But it wasn’t until Hartford’s vanity museum collapsed in 1968 that the building became known as the standard for failed architecture. It had the bad luck to be pressed into service as city offices, even though the only windows were its corner portholes and the galleries were unsuitable for cubicles. By the time it was bought by the Museum of Arts and Design – formerly the American Crafts Museum – the conventional wisdom was that it was a functional and aesthetic failure. New York’s Landmarks Commission wouldn’t even hold hearings on historic designation.

The Museum of Arts and Design might have demolished the building but instead decided to retain “the memory” of Stone’s concept. So, while the marble facade was stripped off and the interior gutted, Cloepfil was encouraged to preserve its rhomboid footprint and white color, as well as the derided Venetian arcade and basement auditorium.

It’s fascinating how this approach caused Cloepfil to recapitulate Stone’s mistakes. Take his meandering window incisions, which were intended to redress what was considered the biggest flaw of Stone’s museum, its blank walled midsection. While they succeed in bringing more light and views into the galleries, the museum exterior feels just as inscrutable as ever. We’re seeing similar outcomes at ground zero and Independence Mall, where designers are also unable to escape their original project’s bad logic.

Stone employed an offbeat aesthetic, but it was fully realized, down to the voluptuous brass door handles. Even now the best moments in the new museum are those that preserve vestiges of the past, in this case the cascading gold lamé ceiling in the glam auditorium and the arches.

Cloepfil’s facade, meanwhile, is the opposite: flat and confused. Through a series of last-minute design changes imposed by the museum, an immense, H-shaped window was unintentionally branded into the Columbus Circle facade, similar to the symbol you see on highways directing motorists to the nearest hospital.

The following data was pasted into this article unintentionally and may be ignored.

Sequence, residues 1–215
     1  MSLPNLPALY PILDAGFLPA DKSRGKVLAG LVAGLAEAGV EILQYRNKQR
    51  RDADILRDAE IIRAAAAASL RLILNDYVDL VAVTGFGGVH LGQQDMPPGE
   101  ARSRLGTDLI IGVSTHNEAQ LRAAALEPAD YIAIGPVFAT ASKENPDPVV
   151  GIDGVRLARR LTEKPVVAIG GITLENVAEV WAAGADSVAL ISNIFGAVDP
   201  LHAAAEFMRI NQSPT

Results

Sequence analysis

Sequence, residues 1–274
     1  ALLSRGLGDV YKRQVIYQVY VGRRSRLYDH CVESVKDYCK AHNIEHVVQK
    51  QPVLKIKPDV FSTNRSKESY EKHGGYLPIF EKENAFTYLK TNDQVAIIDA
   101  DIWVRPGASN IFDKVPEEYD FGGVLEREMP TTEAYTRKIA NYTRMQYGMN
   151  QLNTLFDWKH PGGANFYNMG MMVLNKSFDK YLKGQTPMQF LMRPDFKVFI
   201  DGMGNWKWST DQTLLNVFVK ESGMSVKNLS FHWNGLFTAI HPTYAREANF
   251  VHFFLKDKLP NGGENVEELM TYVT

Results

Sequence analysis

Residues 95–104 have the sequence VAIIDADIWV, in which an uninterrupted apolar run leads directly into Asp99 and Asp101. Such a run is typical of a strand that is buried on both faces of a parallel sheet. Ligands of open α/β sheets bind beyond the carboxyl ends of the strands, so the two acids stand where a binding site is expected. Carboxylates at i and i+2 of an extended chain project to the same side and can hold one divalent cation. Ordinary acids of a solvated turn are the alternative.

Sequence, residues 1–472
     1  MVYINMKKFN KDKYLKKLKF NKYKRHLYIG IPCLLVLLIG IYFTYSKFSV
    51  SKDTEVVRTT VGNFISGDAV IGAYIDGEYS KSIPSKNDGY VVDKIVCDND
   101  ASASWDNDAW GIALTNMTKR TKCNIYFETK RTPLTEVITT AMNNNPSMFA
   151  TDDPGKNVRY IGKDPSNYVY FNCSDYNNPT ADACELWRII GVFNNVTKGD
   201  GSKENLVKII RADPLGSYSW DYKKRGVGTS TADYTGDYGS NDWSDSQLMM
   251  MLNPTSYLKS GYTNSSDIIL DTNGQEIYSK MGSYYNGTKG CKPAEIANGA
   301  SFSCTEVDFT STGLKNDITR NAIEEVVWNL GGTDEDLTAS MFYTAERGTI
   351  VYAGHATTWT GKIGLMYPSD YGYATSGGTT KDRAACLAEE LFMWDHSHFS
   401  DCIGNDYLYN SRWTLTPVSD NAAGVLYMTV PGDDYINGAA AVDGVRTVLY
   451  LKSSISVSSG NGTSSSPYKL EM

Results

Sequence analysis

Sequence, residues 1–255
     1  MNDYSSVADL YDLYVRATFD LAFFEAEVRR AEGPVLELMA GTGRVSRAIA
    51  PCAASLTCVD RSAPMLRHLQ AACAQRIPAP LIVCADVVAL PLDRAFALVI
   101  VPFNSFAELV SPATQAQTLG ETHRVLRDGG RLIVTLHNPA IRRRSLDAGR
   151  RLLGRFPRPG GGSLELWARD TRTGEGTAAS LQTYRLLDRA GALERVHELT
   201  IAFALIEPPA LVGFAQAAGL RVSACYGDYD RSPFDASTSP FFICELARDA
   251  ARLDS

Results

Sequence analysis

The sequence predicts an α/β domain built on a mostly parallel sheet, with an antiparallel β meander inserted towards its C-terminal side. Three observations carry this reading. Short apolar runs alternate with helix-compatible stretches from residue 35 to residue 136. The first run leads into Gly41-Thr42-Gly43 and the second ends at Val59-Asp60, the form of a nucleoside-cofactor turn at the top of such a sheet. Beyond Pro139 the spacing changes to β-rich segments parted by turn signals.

The effect is disconcerting. What does the H stand for? The confusion heightens when the building is viewed from the west, where an I-shaped window marks the facade. H? I? Why is the Museum of Arts and Design giving us the ‘Hi’ sign? And are we supposed to wave back?

Cloepfil, who is based in Portland, was a student of Tod Williams, who, along with his wife, Billie Tsien, is designing the new Barnes Foundation in Philadelphia. Like Williams and Tsien, he uses hand-crafted materials to humanize and enliven a minimalist aesthetic. But Cloepfil’s elaborate, iridescent ceramic facade tiles can’t match the brooding mystery that Williams and Tsien achieved at the Folk Art Museum and Penn’s Skirkanich Hall.

Cloepfil’s museum will surely function better than Stone’s. And yet its excessively quiet design reminds us that cities are defined by their eccentricities and vanities. It’s possible to dispense selectively and judiciously with the past, but there ought to be a better motivation than embarrassment.

Inga Saffron
Philadelphia Inquirer